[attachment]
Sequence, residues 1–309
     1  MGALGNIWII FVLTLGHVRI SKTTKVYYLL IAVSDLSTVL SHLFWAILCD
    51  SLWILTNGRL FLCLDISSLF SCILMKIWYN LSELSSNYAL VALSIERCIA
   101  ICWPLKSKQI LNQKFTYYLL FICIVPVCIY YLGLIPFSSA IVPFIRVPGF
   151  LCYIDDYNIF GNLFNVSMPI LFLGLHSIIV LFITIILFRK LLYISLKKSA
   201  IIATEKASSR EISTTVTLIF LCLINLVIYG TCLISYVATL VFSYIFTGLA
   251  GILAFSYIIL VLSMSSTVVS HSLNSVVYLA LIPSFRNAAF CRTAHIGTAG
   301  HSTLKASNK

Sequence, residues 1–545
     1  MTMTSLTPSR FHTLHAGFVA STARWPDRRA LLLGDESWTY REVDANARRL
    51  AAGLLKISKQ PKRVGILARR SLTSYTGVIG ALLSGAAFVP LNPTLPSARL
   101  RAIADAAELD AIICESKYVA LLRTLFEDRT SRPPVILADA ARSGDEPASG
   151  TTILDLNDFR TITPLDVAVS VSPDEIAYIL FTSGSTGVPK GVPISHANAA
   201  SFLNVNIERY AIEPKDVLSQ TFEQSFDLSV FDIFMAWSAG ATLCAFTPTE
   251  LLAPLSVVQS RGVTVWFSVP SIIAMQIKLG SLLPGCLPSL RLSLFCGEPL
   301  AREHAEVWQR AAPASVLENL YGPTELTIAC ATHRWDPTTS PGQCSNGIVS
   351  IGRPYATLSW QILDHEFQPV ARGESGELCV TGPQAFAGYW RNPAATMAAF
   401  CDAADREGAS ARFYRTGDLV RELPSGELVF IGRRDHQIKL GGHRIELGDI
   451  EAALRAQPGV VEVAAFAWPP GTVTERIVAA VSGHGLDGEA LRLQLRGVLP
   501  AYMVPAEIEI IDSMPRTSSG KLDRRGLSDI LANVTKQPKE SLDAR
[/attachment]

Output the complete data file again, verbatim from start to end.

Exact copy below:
Sequence, residues 1–309
     1  MGALGNIWII FVLTLGHVRI SKTTKVYYLL IAVSDLSTVL SHLFWAILCD
    51  SLWILTNGRL FLCLDISSLF SCILMKIWYN LSELSSNYAL VALSIERCIA
   101  ICWPLKSKQI LNQKFTYYLL FICIVPVCIY YLGLIPFSSA IVPFIRVPGF
   151  LCYIDDYNIF GNLFNVSMPI LFLGLHSIIV LFITIILFRK LLYISLKKSA
   201  IIATEKASSR EISTTVTLIF LCLINLVIYG TCLISYVATL VFSYIFTGLA
   251  GILAFSYIIL VLSMSSTVVS HSLNSVVYLA LIPSFRNAAF CRTAHIGTAG
   301  HSTLKASNK

Sequence, residues 1–545
     1  MTMTSLTPSR FHTLHAGFVA STARWPDRRA LLLGDESWTY REVDANARRL
    51  AAGLLKISKQ PKRVGILARR SLTSYTGVIG ALLSGAAFVP LNPTLPSARL
   101  RAIADAAELD AIICESKYVA LLRTLFEDRT SRPPVILADA ARSGDEPASG
   151  TTILDLNDFR TITPLDVAVS VSPDEIAYIL FTSGSTGVPK GVPISHANAA
   201  SFLNVNIERY AIEPKDVLSQ TFEQSFDLSV FDIFMAWSAG ATLCAFTPTE
   251  LLAPLSVVQS RGVTVWFSVP SIIAMQIKLG SLLPGCLPSL RLSLFCGEPL
   301  AREHAEVWQR AAPASVLENL YGPTELTIAC ATHRWDPTTS PGQCSNGIVS
   351  IGRPYATLSW QILDHEFQPV ARGESGELCV TGPQAFAGYW RNPAATMAAF
   401  CDAADREGAS ARFYRTGDLV RELPSGELVF IGRRDHQIKL GGHRIELGDI
   451  EAALRAQPGV VEVAAFAWPP GTVTERIVAA VSGHGLDGEA LRLQLRGVLP
   501  AYMVPAEIEI IDSMPRTSSG KLDRRGLSDI LANVTKQPKE SLDAR